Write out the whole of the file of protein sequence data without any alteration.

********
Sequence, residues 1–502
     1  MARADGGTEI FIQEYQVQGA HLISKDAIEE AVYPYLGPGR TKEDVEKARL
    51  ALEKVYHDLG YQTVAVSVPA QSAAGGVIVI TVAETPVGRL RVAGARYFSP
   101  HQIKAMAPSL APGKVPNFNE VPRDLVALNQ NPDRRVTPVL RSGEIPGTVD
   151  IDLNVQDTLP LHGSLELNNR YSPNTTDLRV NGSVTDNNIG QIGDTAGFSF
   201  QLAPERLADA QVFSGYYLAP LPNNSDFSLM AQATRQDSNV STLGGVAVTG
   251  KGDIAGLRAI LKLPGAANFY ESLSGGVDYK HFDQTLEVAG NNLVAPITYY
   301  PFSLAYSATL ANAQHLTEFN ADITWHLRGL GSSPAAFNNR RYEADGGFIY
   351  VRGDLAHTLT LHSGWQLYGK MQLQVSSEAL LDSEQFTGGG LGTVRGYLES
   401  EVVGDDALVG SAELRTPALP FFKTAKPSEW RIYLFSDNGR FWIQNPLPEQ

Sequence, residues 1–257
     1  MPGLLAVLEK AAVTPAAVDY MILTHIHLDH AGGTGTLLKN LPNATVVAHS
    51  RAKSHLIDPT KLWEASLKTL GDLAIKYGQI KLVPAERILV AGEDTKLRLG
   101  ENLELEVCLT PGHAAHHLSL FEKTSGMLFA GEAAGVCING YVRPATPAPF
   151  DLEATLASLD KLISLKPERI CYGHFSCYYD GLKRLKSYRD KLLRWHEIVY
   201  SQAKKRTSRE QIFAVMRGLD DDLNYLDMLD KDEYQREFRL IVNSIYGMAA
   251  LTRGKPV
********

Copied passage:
Sequence, residues 1–502
     1  MARADGGTEI FIQEYQVQGA HLISKDAIEE AVYPYLGPGR TKEDVEKARL
    51  ALEKVYHDLG YQTVAVSVPA QSAAGGVIVI TVAETPVGRL RVAGARYFSP
   101  HQIKAMAPSL APGKVPNFNE VPRDLVALNQ NPDRRVTPVL RSGEIPGTVD
   151  IDLNVQDTLP LHGSLELNNR YSPNTTDLRV NGSVTDNNIG QIGDTAGFSF
   201  QLAPERLADA QVFSGYYLAP LPNNSDFSLM AQATRQDSNV STLGGVAVTG
   251  KGDIAGLRAI LKLPGAANFY ESLSGGVDYK HFDQTLEVAG NNLVAPITYY
   301  PFSLAYSATL ANAQHLTEFN ADITWHLRGL GSSPAAFNNR RYEADGGFIY
   351  VRGDLAHTLT LHSGWQLYGK MQLQVSSEAL LDSEQFTGGG LGTVRGYLES
   401  EVVGDDALVG SAELRTPALP FFKTAKPSEW RIYLFSDNGR FWIQNPLPEQ

Sequence, residues 1–257
     1  MPGLLAVLEK AAVTPAAVDY MILTHIHLDH AGGTGTLLKN LPNATVVAHS
    51  RAKSHLIDPT KLWEASLKTL GDLAIKYGQI KLVPAERILV AGEDTKLRLG
   101  ENLELEVCLT PGHAAHHLSL FEKTSGMLFA GEAAGVCING YVRPATPAPF
   151  DLEATLASLD KLISLKPERI CYGHFSCYYD GLKRLKSYRD KLLRWHEIVY
   201  SQAKKRTSRE QIFAVMRGLD DDLNYLDMLD KDEYQREFRL IVNSIYGMAA
   251  LTRGKPV